Baranowski: The World Policeman Comes Back?
The US attack on the Syrian military base at Al-Shayrat was the most important decision of Donald Trump's young Presidency. So far, from Washington, we've seen a lot of rhetoric, a lot of tweets, but no real foreign policy. The new policy direction is now likely to emerge as the consequence of Thursday's decision. Although there are still many potential scenarios for Donald Trump's foreign policy, after Friday's attack we already know that it can no longer be an isolationist policy. Will it be a return to the traditionally republican policy of engagement, with readiness to sustain a liberal world order on his shoulders?
Bashar Assad, committing a hideous crime by attacking innocent civilians with chemical weapons, gave the international community, but above all the new president of the United States, a dilemma - the lack of a proper response would confirm the thesis of those who spoke of the end of US leadership in world affairs.
Donald Trump during the presidential campaign favored a benign course against the Syrian president. Last week Secretary of State Rex Tillerson said that the future of Asad would be decided by the Syrian people, not the world powers, to make it clear that the United States did not intend to intervene in Syria. This latest missile strike is not only a shift of Trump's administration toward the Syrian regime but could be a beginning of an adjustment of the overall foreign policy vision.
The attack, in which Trump chose one of the least drastic options presented to him by the Pentagon, was calibrated to send a signal to Asad that reuse of chemical weapons would not be tolerated. On the other hand, the limited nature of the bombing also showed that this was not the beginning of a wider invasion of the Damascus government and an attempt to change the regime. Bombing was to show how Tillerson said that President Trump can make a "firm decision" when others "cross the line and fail to keep their commitments" - a very clear signal to the leaders of North Korea and Iran.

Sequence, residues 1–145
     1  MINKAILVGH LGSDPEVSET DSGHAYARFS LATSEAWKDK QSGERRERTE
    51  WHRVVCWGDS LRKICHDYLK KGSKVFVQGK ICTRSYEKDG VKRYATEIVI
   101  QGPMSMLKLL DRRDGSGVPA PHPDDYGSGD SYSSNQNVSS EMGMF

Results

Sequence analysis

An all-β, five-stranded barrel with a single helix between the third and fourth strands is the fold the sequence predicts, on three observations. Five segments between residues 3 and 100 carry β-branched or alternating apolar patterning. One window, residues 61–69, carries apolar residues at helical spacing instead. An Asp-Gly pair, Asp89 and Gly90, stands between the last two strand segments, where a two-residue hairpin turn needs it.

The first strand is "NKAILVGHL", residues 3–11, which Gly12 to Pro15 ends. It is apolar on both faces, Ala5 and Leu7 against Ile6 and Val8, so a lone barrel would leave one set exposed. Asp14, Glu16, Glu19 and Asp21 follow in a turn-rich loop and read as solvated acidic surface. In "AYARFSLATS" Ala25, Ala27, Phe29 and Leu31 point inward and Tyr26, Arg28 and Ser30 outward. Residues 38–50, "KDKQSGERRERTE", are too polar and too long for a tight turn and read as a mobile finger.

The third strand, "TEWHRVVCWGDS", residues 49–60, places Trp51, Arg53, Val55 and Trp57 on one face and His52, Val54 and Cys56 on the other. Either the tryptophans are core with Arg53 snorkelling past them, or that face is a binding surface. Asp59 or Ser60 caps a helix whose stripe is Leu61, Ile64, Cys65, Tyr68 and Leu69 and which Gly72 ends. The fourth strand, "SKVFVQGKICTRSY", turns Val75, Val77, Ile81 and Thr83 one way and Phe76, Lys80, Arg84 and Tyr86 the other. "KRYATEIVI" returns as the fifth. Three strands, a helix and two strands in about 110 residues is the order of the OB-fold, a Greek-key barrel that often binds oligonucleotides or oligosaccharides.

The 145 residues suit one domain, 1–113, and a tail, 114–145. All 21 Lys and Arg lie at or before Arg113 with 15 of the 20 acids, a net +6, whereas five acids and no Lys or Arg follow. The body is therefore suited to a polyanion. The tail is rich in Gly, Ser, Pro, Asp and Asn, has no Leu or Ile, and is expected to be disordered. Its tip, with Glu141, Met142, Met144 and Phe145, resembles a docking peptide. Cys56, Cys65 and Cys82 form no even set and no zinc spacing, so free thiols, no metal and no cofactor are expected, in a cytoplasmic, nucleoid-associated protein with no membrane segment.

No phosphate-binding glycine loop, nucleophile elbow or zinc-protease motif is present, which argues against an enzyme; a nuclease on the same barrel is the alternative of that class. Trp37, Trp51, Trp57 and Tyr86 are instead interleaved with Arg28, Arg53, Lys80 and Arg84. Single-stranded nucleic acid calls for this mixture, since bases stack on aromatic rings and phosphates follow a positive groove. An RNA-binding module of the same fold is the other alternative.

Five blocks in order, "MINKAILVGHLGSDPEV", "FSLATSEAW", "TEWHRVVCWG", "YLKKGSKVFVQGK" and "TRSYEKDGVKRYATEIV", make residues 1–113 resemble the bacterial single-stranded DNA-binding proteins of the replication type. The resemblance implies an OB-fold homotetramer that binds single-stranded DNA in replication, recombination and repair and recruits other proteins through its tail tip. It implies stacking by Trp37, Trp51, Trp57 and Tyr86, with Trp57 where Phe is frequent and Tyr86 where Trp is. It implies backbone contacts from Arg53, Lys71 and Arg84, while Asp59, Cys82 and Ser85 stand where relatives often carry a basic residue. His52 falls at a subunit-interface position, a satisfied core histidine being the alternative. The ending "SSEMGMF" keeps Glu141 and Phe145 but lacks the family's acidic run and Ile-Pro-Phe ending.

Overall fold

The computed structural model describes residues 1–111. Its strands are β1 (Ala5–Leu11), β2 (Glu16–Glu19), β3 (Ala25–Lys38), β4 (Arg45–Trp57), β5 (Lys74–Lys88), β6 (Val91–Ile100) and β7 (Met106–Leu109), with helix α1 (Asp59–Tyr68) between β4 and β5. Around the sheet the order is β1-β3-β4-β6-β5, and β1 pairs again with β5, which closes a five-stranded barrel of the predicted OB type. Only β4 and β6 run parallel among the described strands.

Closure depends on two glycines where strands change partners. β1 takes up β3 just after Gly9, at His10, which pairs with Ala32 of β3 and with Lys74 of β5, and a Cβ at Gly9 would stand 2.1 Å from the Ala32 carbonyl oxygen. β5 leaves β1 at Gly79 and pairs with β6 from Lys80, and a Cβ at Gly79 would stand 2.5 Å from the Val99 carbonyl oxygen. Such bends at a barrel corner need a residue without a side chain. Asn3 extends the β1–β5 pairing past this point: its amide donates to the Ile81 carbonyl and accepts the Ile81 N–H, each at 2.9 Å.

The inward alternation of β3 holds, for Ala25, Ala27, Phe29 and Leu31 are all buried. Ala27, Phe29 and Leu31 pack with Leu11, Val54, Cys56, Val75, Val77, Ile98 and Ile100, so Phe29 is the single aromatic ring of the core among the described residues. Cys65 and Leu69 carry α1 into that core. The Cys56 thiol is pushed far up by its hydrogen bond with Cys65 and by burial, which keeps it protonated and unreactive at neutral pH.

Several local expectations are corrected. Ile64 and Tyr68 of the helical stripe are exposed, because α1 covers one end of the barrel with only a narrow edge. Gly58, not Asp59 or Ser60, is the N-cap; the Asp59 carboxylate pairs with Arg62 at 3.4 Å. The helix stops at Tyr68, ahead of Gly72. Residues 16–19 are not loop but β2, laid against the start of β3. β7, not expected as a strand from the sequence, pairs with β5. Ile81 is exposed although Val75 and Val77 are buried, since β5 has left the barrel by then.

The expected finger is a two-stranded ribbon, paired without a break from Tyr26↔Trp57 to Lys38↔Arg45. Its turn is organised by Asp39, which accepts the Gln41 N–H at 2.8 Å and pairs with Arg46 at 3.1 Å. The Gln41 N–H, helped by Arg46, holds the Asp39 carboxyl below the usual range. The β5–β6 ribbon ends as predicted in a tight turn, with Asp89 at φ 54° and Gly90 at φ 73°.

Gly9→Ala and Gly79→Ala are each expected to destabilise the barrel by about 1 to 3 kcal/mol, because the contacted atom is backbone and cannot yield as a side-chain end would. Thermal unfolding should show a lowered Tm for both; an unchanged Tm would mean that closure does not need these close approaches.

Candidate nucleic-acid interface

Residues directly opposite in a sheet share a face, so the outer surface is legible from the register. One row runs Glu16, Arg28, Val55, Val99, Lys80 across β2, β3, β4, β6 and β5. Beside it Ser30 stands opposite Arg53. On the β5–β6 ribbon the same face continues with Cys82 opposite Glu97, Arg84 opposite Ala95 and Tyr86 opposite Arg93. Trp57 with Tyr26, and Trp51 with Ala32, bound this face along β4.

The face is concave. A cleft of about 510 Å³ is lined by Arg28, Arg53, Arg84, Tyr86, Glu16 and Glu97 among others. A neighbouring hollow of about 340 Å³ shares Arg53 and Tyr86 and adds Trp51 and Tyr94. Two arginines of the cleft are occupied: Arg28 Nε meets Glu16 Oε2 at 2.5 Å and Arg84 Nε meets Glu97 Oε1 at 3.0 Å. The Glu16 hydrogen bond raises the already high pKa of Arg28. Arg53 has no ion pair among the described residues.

On the other hand, military operations, are hard to control and the enemy - in this case both Asad and Russia - gets a vote. At this point there is no long-term strategy in D.C. for a war that has been going on for more than five years. Trump, however, set his prestige on the scale and in case of an escalation of the conflict by Asada or Russia will not be easy to withdraw without a major loss of face.
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